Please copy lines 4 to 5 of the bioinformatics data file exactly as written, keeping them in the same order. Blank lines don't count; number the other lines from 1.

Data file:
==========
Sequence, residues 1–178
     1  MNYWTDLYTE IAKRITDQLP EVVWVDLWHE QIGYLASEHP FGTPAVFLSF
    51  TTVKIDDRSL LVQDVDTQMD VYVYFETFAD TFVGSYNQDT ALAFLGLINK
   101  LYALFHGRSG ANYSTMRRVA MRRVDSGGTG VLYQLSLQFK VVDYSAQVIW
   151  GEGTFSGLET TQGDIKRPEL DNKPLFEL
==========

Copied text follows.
   101  LYALFHGRSG ANYSTMRRVA MRRVDSGGTG VLYQLSLQFK VVDYSAQVIW
   151  GEGTFSGLET TQGDIKRPEL DNKPLFEL